Responsibilities include:

  • Complying with any instructions and biosafety procedures which cover their work. This includes good standards of hygiene, wearing appropriate personal protective equipment, working in designated areas, using appropriate equipment and disposing of waste in the specified manner
  • Reporting immediately any malfunction or failure in the safe systems of work and/or biosafety engineering control
  • Reporting to their line manager and/or biosafety advisor or team any incident involving a breach or potential breach of biosafety
  • Familiarising themselves with emergency biosafety procedures put in place by their laboratory, departments and Institute.
  • Ensure risk assessments and SOP’s applicable to an area or activity reflect current practices and any necessary changes are identified and communicated to all concerned

3.5 Tenants and visitors

Have a responsibility to comply with any local biosafety procedures, and report promptly to Site Management any circumstances detrimental to maintaining good standards of biosafety.

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4. Standards of bosafety

We aim to maintain, at all times, the highest standards of biosafety on our property as appropriate, we will do this by:

  • Identifying and controlling all biological risks, thereby keeping staff, animals and crops free from disease and reducing the risk of spreading diseases outside each research facility
  • Preventing the misuse or loss of valuable biological materials

It is accepted that patterns of disease occurrence vary with time and local procedures need to reflect this. We will ensure that each site will have in place biosafety procedures appropriate to the various levels of biological risks that are identified. The procedures should cover:

  • Exclusion of non-notifiable and notifiable human, animal or plant pathogens by quarantine.
  • Containment of any organism materials constituting a risk whilst handles at a BBSRC facility.
  • Containment of pathogens or carriers whilst in transit (to or from sites)
  • Emergency procedures
  • Secure storage and recording of pathogens, biological toxins and valuable biological materials
  • Staff training
  • Waste management including validated disinfection procedures
  • Inspection and audit

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5. Arrangements

5.1 The policy will be implemented through local policies and procedures, as appropriate. Any biosafety issues will be dealt with by relevant local staff and senior management. Local procedures should be reviewed on an annual basis to ensure they continue to reflect good laboratory practice, new techniques and the environment in and around the area.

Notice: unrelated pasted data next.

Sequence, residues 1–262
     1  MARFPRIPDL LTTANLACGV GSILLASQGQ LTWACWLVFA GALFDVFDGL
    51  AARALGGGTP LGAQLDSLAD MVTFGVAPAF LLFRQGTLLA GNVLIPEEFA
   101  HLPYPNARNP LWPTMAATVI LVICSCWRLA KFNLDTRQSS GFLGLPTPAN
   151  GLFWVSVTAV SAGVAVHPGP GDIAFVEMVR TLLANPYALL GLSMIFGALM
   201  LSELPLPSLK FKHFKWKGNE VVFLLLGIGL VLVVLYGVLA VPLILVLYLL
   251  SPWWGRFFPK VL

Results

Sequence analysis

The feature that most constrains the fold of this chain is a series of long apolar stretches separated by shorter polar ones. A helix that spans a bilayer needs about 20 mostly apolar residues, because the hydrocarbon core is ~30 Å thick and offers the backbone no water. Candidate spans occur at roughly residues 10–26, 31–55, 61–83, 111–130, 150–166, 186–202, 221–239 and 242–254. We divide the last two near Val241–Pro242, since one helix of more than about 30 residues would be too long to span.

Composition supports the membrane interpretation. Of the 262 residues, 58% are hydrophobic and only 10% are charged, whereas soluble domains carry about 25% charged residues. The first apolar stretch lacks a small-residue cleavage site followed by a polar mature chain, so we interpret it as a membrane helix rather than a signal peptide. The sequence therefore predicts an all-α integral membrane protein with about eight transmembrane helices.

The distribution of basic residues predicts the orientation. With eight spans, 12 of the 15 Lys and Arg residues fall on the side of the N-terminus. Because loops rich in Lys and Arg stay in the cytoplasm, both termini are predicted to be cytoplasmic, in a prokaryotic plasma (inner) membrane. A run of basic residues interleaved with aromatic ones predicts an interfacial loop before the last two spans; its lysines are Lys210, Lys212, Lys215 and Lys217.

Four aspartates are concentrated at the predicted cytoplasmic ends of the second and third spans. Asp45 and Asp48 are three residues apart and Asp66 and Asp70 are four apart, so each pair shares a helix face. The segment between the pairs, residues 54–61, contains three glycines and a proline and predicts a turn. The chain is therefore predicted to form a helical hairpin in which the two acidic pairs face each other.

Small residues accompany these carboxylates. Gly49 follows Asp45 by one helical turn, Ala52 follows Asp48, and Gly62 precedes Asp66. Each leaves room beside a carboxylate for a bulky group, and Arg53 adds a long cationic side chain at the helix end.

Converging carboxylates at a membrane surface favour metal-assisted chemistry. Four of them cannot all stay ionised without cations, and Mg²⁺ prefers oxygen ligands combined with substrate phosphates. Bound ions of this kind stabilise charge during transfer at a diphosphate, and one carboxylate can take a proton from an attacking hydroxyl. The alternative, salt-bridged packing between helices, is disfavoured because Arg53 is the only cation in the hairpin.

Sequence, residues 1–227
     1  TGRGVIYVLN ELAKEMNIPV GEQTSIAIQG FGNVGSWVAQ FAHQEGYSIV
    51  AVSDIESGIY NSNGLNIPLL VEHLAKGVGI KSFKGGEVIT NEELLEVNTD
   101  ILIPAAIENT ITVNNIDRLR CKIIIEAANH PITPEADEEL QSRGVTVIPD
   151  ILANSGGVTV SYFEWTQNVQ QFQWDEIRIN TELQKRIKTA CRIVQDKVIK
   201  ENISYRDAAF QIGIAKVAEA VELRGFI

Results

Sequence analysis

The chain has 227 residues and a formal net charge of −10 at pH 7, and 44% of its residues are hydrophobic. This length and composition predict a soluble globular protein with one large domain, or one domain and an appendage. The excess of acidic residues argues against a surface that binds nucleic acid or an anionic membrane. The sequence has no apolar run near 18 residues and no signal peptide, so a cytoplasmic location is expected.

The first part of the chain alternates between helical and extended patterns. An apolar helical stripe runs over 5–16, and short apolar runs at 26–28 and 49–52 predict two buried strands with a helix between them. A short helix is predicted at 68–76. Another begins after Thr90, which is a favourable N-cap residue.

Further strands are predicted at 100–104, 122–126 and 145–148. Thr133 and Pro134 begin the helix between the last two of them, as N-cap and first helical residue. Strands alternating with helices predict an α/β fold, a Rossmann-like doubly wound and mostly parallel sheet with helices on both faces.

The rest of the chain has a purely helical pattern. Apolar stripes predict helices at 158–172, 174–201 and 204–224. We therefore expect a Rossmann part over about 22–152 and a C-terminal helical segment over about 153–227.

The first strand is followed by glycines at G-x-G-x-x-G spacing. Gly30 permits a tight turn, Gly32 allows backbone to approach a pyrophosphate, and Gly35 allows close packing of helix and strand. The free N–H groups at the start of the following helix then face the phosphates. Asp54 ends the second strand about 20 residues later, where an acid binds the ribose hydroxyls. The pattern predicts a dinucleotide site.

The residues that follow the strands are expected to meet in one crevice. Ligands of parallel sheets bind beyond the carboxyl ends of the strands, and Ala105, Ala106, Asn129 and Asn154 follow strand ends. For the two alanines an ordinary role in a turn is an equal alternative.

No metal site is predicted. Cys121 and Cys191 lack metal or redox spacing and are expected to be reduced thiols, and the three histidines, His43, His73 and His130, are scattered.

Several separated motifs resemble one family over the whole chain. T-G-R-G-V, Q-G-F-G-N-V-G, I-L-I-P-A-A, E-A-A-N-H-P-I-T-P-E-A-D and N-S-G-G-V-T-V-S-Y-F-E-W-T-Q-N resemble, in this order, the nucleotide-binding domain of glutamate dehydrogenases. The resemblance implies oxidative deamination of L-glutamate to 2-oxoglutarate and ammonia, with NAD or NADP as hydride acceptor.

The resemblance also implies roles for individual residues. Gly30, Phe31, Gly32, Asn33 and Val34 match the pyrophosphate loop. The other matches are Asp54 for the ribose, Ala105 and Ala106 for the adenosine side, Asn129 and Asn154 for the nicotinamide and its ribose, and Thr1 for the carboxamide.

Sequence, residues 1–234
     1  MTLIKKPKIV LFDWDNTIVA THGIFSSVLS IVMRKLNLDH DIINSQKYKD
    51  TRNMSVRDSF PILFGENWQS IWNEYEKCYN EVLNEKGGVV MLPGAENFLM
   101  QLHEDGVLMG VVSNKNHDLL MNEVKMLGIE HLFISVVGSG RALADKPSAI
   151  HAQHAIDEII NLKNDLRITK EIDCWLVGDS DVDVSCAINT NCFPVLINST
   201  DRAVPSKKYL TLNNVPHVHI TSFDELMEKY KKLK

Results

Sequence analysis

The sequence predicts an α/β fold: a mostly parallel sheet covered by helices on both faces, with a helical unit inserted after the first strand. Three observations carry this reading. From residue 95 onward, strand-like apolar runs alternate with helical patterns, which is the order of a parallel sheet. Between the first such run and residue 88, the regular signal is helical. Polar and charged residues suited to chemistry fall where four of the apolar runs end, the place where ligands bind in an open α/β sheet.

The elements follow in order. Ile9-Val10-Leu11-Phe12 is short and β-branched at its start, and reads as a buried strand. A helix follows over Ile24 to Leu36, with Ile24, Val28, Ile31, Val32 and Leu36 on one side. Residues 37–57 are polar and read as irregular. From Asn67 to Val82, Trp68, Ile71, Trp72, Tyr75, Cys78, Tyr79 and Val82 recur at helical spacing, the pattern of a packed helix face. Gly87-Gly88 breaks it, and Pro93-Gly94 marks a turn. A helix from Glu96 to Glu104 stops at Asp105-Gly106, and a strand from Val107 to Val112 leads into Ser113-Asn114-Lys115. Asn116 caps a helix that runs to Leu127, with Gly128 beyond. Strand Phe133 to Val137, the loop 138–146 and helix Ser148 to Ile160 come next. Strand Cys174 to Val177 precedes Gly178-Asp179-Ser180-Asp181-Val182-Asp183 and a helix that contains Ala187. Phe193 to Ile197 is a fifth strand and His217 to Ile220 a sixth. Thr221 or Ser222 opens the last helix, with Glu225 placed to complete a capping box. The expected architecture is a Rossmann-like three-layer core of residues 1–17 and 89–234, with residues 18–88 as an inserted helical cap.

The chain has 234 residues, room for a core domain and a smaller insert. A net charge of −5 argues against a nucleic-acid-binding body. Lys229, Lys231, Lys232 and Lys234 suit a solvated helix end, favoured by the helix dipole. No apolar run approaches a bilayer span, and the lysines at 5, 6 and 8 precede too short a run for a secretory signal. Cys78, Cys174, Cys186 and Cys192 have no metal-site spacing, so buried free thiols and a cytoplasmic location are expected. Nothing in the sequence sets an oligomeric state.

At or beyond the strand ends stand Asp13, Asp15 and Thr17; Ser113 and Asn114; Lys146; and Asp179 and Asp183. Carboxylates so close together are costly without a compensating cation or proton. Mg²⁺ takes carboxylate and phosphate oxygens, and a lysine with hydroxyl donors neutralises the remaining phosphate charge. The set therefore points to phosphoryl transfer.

5.2 Local Emergency and Contingency plans should be in place to cover any major incident. Any incident involving exposure to staff or the public, or uncontrolled/unauthorised release, must be brought to the attention of the BBSRC Biosafety Manager immediately and they should be informed about any follow-up-actions and regulatory involvement.

5.3 Every member of staff should be competent in the biosafety relevant for their areas of work, through training and documented procedures. Whenever needed, staff, students and visitors will also be made aware of biorisk assessments so that they understand the biological risks associated with their area of research and the potential value of biological materials that they are working with.

5.4 Infringements of biosafety rules can be a reason for summary dismissal, as failures in biosafety may compromise the entire operation.

5.5 Adherence to the policy will be monitored at each site through the BBSRC Audit process, the results of which will be reported to Audit Board.

5.6 The policy will be reviewed regularly, at BBSRC Biosafety Meetings, to ensure that it remains fully compliant with any changes to the law or Statutory Guidance.

5.7 This policy should be read in conjunction with the following policies, procedures and guidance:

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Last updated 03/11/10
Amendment 110 - November 2010